BEWARE of claims that have a bad basis
Many claims about the effects of treatments are not trustworthy. Often this is because the reason (the basis) for the claim is not trustworthy. You should be careful when you hear claims that are:
• Too good to be true
• Based on faulty logic
• Based on trust alone
People often think about the benefits of interventions and ignore possible harms. But few interventions that work are 100% safe.
Most claims that an intervention will make you 100% better or that it works for everyone turn out to be wrong.
We can rarely, if ever, be 100% certain about the effects of interventions.
Interventions are not always necessary- people can improve their situation or resolve their problem without an intervention. Sometimes a treatment will not help and may even make things worse.
Interventions that should work in theory often do not work in practice.
Just because using an intervention is associated with an improved or worse outcome for someone, that doesn’t mean that the intervention made them better or worse.
More data is not necessarily better data, whatever the source.
Unless an intervention is compared to something else, it is not possible to know what would happen without it.
If a single study shows that people who got one intervention did better or worse than people who got something else, it does not mean that is the final answer.
Just because something has been used for a long time or by many people, it does not mean that it helps or that it is safe.
Just because an intervention is new, expensive, technologically impressive, or brand-named does not mean that it is better or safer than other interventions.
Taking more of a treatment often increases harms without increasing how much it helps.
Someone with an interest in getting people to use an intervention or adopt a program, such as making money, may overstate benefits and ignore possible harmful effects.
If someone got better after receiving an intervention does not necessarily mean that the intervention made them better.
Just because an intervention claim is made by an expert or authority does not mean that it is trustworthy.
“Peer-reviewed” and published studies may not be fair comparisons.
THINK 'FAIR' and check the evidence from treatment comparisons
Evidence from comparisons of treatments can fool you. You should think carefully about the evidence that is used to support claims about the effects of treatments. Look out for:
• Unfair comparisons of treatments
• Uncareful summaries of comparisons
• How treatment effects are described
Look out for treatment comparisons where the comparison groups were not alike.
Look out for comparisons of interventions between studies that are different.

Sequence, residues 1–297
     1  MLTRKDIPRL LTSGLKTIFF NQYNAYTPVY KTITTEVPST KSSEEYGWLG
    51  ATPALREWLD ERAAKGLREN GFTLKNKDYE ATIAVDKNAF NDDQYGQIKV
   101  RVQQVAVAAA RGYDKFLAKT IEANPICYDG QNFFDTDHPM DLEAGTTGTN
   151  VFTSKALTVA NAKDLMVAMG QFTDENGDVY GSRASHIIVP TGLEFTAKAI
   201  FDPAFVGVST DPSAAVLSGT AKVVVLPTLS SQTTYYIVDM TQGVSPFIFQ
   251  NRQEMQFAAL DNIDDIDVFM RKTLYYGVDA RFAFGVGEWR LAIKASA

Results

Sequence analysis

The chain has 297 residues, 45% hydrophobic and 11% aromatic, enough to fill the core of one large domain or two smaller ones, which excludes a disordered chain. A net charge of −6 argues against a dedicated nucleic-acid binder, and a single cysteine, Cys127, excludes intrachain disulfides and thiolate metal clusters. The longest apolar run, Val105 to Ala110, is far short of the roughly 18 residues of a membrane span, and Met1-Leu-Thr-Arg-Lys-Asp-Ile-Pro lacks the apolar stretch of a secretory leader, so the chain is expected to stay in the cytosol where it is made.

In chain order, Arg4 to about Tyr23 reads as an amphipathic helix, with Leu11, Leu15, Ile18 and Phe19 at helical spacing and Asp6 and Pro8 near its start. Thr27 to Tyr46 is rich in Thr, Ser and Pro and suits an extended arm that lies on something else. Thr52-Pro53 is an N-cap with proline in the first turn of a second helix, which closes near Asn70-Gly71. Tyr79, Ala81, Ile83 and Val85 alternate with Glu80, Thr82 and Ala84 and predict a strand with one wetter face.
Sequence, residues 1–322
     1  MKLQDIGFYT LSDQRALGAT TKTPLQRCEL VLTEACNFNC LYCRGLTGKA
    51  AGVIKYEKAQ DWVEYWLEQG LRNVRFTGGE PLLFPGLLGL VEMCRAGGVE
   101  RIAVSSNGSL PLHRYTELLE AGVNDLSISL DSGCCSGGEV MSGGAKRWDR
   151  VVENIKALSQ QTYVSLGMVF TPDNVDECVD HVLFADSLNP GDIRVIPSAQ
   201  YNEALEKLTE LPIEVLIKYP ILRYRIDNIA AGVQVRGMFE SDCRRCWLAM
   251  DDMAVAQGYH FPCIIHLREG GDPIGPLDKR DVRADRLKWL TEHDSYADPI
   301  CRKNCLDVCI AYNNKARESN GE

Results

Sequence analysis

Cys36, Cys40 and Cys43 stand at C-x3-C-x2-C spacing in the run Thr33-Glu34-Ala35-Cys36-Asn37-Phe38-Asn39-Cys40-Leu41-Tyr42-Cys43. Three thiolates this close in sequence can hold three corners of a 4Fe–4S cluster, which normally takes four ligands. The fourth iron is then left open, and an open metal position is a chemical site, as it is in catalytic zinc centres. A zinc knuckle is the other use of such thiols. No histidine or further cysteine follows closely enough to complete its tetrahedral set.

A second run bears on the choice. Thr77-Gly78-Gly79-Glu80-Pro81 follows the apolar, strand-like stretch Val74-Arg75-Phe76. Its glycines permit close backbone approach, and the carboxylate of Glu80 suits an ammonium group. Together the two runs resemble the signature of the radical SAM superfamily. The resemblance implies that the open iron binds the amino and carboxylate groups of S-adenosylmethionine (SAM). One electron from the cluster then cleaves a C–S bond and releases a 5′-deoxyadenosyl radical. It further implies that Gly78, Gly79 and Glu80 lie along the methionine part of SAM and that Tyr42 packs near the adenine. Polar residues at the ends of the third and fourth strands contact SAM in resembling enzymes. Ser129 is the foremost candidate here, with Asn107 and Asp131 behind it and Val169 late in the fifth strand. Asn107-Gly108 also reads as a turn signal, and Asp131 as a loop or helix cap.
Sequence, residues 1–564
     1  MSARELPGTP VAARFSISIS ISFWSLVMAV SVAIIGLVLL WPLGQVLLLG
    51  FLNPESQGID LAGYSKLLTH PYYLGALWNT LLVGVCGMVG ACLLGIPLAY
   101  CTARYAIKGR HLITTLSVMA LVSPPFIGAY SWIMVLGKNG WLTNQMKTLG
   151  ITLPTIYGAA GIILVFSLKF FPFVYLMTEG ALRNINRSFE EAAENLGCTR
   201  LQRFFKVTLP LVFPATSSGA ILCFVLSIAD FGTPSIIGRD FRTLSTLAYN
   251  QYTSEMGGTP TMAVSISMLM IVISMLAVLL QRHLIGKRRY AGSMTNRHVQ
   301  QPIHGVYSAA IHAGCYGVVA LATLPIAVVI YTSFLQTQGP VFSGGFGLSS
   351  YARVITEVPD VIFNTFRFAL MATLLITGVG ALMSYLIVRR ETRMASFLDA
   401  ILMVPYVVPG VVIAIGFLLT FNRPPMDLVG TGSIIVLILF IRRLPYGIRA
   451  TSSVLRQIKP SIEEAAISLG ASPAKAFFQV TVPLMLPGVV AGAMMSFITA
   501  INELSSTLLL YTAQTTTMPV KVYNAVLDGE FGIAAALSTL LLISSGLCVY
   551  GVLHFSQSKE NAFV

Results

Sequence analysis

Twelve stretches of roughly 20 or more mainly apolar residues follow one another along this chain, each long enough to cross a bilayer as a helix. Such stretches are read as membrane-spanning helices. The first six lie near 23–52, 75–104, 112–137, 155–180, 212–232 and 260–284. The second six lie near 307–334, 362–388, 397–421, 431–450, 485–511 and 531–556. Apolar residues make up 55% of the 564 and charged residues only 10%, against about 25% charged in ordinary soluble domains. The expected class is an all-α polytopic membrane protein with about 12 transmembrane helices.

Look out for intervention comparisons where the comparison groups were cared for differently.
Look out for comparisons where people knew which intervention they received and knowing that could have changed how they felt or behaved.
Look out for comparisons where what happened was measured differently in the comparison groups.
Look out for outcomes that were not assessed reliably in intervention comparisons.
Look out for comparisons where what happened was not measured in lots of people or where people dropped out of the study.
Look out for summaries of studies comparing interventions that were not done systematically.
Look out for unpublished results of fair comparisons.
Look out for treatment comparisons that are sensitive to assumptions that are made.
Look out for treatment effects that are described just using words.
Look out for treatment effects that are described as average differences.
Look out for treatment effects that are based on small studies with few people.
Look out for results that are reported for a selected group of people within a study or systematic review.
Look out for results that are reported using p-values instead of confidence intervals.
Look out for results that are reported as “statistically significant” or “not statistically significant”.
Look out for a “lack of evidence” being described as evidence of “no difference”.
TAKE CARE and make good choices
Good treatment choices depend on thinking carefully about what to do. Think carefully about:
• What your problem is and what your options are
• Whether the evidence is relevant to your problem and options
• Whether the advantages are better than the disadvantages
Always ask yourself whether the intervention outcomes that are important to you have been measured in fair comparisons.
Always ask yourself if the treatment comparisons included only people (or animals) that are very different from you.
Always ask yourself if the interventions evaluated in fair comparisons are relevant.
Always ask yourself if fair comparisons of interventions were conducted in circumstances that are relevant.
Always ask yourself whether the possible advantages of an intervention outweigh the disadvantages.
Always ask yourself how sure you are that the possible advantages of an intervention are better than and the possible disadvantages.